The point proposed by " ORIGIN " (There was no gas until the universe was about 380,000 years old. From about 1 second to about 380,000 years matter was in the form of plasma. Before 1 second there was no matter at all.) How do you get all that that you posted to fit into the conversation ?
     
  14. origin Trump is the best argument against a democracy. Valued Senior Member

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    9,804
    Jesus, timojin, read this:

    Universe timeline.
     
  15. DaveC426913 Valued Senior Member

    Messages:
    6,595
    No, no. The God.

    Dude, you introduced the Big Bang in your second post.

    And it was your post 22 that directly raised the question that my 3 paragraphs answered:

    How can you lose track of your own thread??
     
    Last edited: Aug 23, 2017
  16. timojin Valued Senior Member

    Messages:
    3,048
    It is nice reading, I love those numbers, and will live to see "
    Eventually in around 5.4 billion years from now, the core of the Sun will become hot enough to trigger helium fusion in its surrounding shell.[39] This will cause the outer layers of the star to expand greatly, and the star will enter a phase of its life in which it is called a red giant.[41][42] Within 7.5 billion years, the Sun will have expanded to a radius of 1.2 AU—256 times its current size, and studies announced in 2008 show that due to tidal interaction between Sun and Earth, Earth would actually fall back into a lower orbit, and get engulfed and incorporated inside the Sun before the Sun reaches its largest size, despite the Sun losing about 38% of its mass.[43] "
     
  17. timojin Valued Senior Member

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    3,048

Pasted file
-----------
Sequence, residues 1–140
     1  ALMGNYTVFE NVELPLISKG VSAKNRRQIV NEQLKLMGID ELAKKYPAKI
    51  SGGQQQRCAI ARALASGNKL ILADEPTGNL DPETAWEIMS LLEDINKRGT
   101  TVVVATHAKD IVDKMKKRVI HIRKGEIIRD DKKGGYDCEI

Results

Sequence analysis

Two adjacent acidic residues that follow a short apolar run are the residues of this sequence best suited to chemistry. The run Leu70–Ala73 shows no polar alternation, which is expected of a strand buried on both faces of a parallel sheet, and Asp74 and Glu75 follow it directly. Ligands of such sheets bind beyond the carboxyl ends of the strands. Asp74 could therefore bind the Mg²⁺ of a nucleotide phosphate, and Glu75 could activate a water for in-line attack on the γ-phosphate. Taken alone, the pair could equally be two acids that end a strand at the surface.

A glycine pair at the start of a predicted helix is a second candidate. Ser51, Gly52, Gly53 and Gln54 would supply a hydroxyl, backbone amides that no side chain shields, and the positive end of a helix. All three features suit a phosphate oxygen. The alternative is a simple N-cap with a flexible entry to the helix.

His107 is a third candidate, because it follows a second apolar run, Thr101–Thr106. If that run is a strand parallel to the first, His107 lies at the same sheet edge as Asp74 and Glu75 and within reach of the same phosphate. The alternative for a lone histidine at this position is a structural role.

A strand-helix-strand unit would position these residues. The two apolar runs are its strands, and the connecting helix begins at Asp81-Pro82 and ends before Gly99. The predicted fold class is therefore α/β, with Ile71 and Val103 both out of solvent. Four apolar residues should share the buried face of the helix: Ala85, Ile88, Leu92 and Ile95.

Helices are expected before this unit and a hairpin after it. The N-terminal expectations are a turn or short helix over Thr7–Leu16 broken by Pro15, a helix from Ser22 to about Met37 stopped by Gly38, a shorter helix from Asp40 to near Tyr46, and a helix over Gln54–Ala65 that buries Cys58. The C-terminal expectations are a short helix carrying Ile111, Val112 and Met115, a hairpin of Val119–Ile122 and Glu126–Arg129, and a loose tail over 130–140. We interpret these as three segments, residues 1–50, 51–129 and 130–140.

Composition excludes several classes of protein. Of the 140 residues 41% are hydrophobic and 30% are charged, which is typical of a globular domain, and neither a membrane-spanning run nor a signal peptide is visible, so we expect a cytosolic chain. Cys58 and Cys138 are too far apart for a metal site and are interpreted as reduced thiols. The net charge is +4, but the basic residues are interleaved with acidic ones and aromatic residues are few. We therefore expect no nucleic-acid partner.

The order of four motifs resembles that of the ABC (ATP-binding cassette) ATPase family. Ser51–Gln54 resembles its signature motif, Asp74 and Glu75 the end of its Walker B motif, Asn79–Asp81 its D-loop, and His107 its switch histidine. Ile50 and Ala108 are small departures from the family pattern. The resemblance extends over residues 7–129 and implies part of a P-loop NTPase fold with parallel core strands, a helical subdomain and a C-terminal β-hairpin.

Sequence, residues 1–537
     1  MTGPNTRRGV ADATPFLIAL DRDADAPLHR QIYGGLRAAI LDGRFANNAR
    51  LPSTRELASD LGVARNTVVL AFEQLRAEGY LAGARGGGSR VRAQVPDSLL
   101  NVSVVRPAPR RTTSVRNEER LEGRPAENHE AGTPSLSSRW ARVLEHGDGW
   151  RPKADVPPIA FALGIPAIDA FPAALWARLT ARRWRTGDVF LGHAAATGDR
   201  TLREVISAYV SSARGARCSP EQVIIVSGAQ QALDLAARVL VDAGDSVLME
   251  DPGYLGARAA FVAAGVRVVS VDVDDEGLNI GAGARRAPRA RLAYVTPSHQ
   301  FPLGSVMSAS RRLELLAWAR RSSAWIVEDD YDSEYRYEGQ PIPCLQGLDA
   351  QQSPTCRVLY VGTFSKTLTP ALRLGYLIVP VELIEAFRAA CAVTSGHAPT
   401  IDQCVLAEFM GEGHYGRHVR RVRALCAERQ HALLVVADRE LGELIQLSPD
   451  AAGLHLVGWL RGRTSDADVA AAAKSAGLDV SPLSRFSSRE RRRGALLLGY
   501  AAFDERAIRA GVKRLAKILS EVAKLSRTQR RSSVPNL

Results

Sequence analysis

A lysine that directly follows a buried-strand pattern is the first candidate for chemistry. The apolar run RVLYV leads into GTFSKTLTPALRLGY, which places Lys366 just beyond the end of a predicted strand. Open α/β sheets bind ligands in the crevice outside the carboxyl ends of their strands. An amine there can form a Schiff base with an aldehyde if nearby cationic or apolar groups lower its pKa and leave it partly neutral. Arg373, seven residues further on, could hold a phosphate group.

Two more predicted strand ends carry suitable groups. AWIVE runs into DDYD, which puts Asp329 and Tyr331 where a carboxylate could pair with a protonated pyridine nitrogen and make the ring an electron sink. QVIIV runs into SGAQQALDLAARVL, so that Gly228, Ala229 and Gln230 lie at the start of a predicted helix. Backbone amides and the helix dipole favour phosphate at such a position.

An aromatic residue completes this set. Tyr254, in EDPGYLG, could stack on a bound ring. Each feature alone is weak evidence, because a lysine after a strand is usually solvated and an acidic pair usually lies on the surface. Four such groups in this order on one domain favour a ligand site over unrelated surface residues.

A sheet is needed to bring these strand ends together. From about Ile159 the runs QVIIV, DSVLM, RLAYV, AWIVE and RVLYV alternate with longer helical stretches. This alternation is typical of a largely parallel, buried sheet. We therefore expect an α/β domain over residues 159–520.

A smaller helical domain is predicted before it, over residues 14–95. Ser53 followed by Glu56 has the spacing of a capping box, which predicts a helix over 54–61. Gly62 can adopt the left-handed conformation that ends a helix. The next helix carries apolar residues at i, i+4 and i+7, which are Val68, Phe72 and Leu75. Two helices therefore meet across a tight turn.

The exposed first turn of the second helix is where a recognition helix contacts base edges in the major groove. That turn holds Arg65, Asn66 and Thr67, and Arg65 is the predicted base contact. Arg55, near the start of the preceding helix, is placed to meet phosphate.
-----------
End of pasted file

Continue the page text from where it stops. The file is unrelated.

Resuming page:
So the next question who come first solar systems or galaxies ?
     
  18. DaveC426913 Valued Senior Member

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    6,595
    As far as we know, the Milky Way galaxy has been in existence for about 13.21 billion years, IOW, since shortly after the BB.
    During that time, we see three generations of stars: Population III, Population II and Population I. (they were named in order of discovery - backwards to their order of birth )
    Pop III were born earliest and many died out. Their remnants were the materials for Pop II stars, and the remnants of Pop II made Pop I stars.
    Our sun - a Pop I - has only been around about 5Gy, same age as the SS.

    So, the answer is: galaxies came first.

    https://www.universetoday.com/21822/age-of-the-milky-way/
    https://en.wikipedia.org/wiki/Stellar_population
     
  19. timojin Valued Senior Member

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    3,048

    It seams by your argument Pop 111 > pop 11> pop 1 the volume of a galaxy should decrease.
    I assume you would come up by saying, yes , we have a Black Hole. Than the question arises where does the energy go ?
     
  20. DaveC426913 Valued Senior Member

    Messages:
    6,595
    "Volume" of a galaxy is an ambiguous measurement.

    The number of atoms in a galaxy remains generally the same, though more and more gas and dust is collected into massive bodies.

    No, I would not say that.

    For starters, a portion of the energy is radiated away as light and other emissions in the EM spectrum.
     
  21. timojin Valued Senior Member

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    3,048
    Black Hole is a massive high density body ? the collection should reduce the volume, then projecting the future the whole galaxy should be swallowed into a Black Hole.

    Than by this argument the Big Bang is an explosion of a Black Hole
     
  22. DaveC426913 Valued Senior Member

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    6,595
    Again, how are you defining volume? The galaxy is not a discrete object; it is a diffuse collection of objects. Likewise: What is the "volume" of the solar system?

    The matter of the galaxy is coalescing into small dense objects such as stars. That might a change in the linear dimensions of the galaxy, but those are different phenomena.

    This does not follow.
    1] Not all gas and dust ends up in stars.
    2] Not all stars collapse into black holes.
    3] Multiple black holes do not have to coalesce into a single black hole.

    This definitely does not follow from anything previous.

    Also, black holes do not explode.